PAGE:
Bitcoin doesn’t play by their rules. It’s a bottom-up, grassroot movement that will free the individual from the system of control imposed by the state. Bitcoin has no middlemen, no headquarters, and no central authority to print or confiscate your money. Bitcoin is a software open to the public built on trust since anyone can check the code to verify it functions the way it is supposed to. Bitcoin is permissionless which means it doesn’t care if you’re black, white, Muslim, Buddhist, rich, poor, American, or Iranian. Anyone and everyone with a $20 smartphone and a WiFi connection can send and receive money directly to anyone else for the first time in all of human history.
I found myself reflecting back to when my father was thirty years old and had approximately $100,000 in purchasing power stored safely in a Baku bank. Then he moved when the pogroms started in 1988 but were only able to transfer $80,000 to Karabakh. It was safe now or so he thought. When the war was all but certain the bank froze everyone’s accounts. Our family, like most, left with nothing and had to start over in a foreign land. However, Russia was no better in the 1990s. As the government was in free fall, they stole from their citizens by way of hyperinflation, a method where large amounts of money are printed which results in a dilution of the existing total. Imagine earning a paycheck on the 15th to only have it become nearly worthless on the 30th. Hope was hopeless when every month felt like being cursed as Sisyphus was, condemned to repeat the task of rolling a boulder up a hill only to see it roll back down again steps away from the top.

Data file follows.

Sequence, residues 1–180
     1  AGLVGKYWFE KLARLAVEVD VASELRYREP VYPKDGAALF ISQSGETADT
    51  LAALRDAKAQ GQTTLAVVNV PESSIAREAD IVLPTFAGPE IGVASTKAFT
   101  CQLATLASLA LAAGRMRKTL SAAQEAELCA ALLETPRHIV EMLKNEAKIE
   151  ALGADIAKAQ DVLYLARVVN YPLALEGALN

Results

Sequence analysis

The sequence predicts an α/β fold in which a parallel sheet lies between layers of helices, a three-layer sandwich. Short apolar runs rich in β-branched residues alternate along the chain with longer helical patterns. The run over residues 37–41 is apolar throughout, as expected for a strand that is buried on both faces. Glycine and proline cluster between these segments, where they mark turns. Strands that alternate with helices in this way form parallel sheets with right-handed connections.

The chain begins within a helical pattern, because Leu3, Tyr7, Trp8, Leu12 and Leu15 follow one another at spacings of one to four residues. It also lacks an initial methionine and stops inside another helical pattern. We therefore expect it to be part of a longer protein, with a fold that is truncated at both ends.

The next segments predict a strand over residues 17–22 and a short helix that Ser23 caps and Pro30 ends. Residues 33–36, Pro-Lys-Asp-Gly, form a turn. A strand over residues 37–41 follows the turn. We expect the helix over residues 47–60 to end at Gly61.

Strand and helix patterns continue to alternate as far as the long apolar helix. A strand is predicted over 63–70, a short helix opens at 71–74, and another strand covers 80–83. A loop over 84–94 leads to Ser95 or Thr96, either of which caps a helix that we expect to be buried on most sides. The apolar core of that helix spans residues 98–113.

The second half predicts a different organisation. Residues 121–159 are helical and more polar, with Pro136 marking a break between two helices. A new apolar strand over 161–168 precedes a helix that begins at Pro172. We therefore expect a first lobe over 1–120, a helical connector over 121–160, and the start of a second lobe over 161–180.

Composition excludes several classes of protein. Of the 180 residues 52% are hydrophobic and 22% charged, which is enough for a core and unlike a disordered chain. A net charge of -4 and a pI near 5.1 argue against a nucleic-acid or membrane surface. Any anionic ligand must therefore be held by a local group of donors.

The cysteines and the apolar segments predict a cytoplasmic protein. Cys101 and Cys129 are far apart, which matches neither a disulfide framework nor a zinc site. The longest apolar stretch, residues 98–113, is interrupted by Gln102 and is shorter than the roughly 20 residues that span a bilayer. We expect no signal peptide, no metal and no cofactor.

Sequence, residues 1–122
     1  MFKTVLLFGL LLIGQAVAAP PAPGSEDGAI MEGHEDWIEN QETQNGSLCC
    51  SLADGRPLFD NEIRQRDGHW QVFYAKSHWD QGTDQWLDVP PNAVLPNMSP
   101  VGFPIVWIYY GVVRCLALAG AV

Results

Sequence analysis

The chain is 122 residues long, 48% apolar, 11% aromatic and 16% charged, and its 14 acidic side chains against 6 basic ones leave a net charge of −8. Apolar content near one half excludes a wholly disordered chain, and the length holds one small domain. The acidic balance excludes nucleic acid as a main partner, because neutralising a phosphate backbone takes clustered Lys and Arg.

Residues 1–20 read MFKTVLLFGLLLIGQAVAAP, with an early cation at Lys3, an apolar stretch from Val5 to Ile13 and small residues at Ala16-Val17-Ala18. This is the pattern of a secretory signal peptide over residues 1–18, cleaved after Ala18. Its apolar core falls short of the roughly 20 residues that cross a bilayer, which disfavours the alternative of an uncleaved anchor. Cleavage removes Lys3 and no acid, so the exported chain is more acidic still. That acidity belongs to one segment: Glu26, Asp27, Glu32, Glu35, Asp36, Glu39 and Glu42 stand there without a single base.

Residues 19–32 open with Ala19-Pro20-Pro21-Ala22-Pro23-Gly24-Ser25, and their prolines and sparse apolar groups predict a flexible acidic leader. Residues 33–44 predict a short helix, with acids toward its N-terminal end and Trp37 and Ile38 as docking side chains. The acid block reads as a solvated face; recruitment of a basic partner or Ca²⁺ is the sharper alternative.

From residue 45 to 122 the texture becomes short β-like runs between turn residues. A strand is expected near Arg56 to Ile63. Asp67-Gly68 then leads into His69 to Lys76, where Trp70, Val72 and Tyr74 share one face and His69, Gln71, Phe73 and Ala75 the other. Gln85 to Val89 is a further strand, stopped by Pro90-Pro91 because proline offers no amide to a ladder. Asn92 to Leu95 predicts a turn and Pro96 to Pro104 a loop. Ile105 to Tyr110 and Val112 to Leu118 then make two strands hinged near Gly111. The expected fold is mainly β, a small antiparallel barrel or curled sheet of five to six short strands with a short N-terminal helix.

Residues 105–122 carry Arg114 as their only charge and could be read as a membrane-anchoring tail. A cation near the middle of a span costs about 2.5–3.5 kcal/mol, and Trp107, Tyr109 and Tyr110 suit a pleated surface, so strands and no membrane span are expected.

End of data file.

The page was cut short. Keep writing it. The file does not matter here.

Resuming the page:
My father wasn’t the first (nor the last) to experience theft by his government. An entire nation went through immense pain over a hundred years ago. The Ottomans robbed our ancestors of life, property, and liberty. Those lucky enough to escape could only take what they could carry and had to start a new life in a foreign land with absolutely no safety net. Now try to imagine a past where Bitcoin existed. A past where people could have stored some or all of their wealth on the blockchain (an immutable, decentralized database). If Bitcoin had existed back then, how would things have turned out? By remembering your password (twelve unique random words), you could access your bitcoin anywhere on the planet and on top of that no one could take them away from you. Total control of your wealth unlike cash, gold, real estate or other assets, all of which could be confiscated at the end of the barrel.
Today we have a choice. Do we embrace a technology as fundamentally revolutionary as the internet or do we let every other country adopt and innovate first? Today Bitcoin occupies a grey area just like the internet in the 1990s. It took nearly thirty years for Armenians only now to realize that IT is one of the answers for a brighter future. The question we have to answer now is: will we wait another thirty years to realize that Bitcoin is a part of that future?